At the end of the section on poles and zeros, we succeeded in obtaining a good approximation of the asymptotic impedance of the ellipse, without using its closed-form expression (17). The result was (24) but, instead of the correct coefficient 1.088... of (25), we obtained 1 and 1.044... by successive approximations. In this Appendix, we apply the same method to the rectangle. The analysis is, however, much more difficult, essentially because the matrix (28) is a full matrix whereas the one (56) for the ellipse was tridiagonal, so that only the first approximation will now be worked out. Consequently, the accuracy of the result cannot be assessed. Also, Silvester's numerical results cover too narrow a frequency range to provide an adequate verification. In spite of its limited significance, our result is the only one presently available; it can be improved by further research, and has been obtained by a method having its own mathematical interest.

As for the ellipse, the following analysis is based
on the equivalent circuit, but could be translated into purely
mathematical terms. Because the matrix (28) is not tridiagonal, the
circuit is not a ladder network, but a general *RL* network with
an infinite number of nodes. Since, however, terms in *k*^{-1}
only occur on the diagonal, inductances only connect each node to
ground and the interconnections between non-ground nodes are purely
resistive. Finally, for *k* = ,
the sum of all elements in any row of (28) is zero, on account of
(63) for *u* = 0. This means that the direct
conductance from any node to ground is zero, so that the branch
connecting node *n* to ground is the inductance of value 1/2*n*
alone, as in fig. 4.

When the network is truncated at *n* nodes, by
opening all resistances leading to further nodes, what remains is an
n-node resistive network with an inductance from each node to ground,
but with no resistive path from the first node to ground. The
impedance from node 0 to ground is thus infinite at high frequency
and (62) its principal value is due to the inductances alone, so that
all resistances can equally be short-circuited. The resulting
impedance is the parallel combination of the first *n*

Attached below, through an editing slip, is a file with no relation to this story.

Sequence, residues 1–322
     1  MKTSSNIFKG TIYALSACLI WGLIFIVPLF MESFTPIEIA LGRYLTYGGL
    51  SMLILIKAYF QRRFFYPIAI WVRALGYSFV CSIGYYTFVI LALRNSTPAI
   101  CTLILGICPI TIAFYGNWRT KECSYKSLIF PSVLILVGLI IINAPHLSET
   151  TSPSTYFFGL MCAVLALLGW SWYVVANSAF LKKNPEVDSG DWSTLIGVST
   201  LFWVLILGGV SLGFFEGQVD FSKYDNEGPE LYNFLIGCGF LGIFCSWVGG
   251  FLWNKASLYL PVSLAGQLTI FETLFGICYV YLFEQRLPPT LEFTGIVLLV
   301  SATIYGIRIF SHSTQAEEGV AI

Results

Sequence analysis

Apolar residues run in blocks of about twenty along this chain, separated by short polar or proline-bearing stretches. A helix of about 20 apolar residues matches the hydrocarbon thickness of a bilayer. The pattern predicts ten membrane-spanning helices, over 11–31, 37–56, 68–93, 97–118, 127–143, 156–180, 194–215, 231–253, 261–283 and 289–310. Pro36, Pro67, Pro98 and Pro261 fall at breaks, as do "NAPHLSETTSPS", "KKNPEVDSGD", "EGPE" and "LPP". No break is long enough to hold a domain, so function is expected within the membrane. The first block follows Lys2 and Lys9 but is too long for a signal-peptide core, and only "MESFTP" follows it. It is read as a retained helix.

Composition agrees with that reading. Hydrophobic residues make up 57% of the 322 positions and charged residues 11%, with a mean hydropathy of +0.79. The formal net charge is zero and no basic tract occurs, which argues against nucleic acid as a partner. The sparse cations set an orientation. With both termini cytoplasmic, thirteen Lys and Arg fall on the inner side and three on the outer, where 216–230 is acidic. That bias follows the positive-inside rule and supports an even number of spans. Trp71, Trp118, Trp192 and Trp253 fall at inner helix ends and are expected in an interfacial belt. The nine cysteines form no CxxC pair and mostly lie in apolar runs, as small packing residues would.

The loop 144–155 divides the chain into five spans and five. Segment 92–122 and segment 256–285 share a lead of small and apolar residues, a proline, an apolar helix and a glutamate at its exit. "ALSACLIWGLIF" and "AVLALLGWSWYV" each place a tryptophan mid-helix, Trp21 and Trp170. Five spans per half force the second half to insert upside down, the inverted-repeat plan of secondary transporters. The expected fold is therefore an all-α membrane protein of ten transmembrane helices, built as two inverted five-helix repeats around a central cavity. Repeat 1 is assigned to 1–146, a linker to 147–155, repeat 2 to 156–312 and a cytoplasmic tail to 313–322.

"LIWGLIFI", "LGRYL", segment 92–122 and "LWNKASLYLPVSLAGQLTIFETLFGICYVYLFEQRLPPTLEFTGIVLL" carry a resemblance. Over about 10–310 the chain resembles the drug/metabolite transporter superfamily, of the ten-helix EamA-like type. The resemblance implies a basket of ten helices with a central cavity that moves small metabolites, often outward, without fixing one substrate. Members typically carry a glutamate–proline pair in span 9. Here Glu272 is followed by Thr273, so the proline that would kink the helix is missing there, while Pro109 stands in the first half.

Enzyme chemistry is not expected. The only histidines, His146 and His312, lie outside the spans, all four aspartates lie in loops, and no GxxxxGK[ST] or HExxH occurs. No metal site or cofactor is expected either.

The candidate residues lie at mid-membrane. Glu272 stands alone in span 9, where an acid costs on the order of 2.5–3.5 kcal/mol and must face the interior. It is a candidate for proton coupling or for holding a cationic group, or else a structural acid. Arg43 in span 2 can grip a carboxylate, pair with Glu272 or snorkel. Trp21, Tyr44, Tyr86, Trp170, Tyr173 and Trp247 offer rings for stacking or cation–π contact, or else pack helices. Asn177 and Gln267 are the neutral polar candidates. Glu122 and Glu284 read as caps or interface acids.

inductances, and this yields (36), as in the elliptic case.

In the complementary method of truncation at *n*
nodes, all further nodes are shorted to ground. The resistances
leading to further nodes then produce a resistive path from node 0 to
ground, so that the impedance is resistive at high frequency, as in
(35), and can be evaluated by open-circuiting all the inductances.
This amounts to computing (27) for the matrix (28) truncated at order
*n* and for *k* = .
Note that the sum of the elements in each row is no longer zero,
owing to the truncation, so that the matrix is non-singular. Finally,
the evaluation of the truncated impedance is equivalent to solving
(64) for *z* with

(65) |

Note that the truncation of the Fourier series of
coefficients *B _{i}* corresponds to the shorting of the
higher nodes, whereas the Fourier series (63) appearing in (64) is
not truncated, for this corresponds to the preserved resistive
connections to higher nodes. By (63), the form of (64) modified by
(65) is thus

(66) |

In the original (non-truncated) form (64),
originating from the boundary condition (45), the coefficients *B _{i}*
and the impedance

For this classical trigonometric interpolation, the
"d.c. component" *z _{s}* of (66) is simply the
mean value of the second term of (66) at the interpolation points:

(67) |

Since the above derivation of (67) is rather indirect, we check that the same derivation yields the known value (35) in the elliptic case. Equation (55) with the reductions (65) then yields

and (67) is replaced by

(68) |

which is indeed (35), by a known identity.

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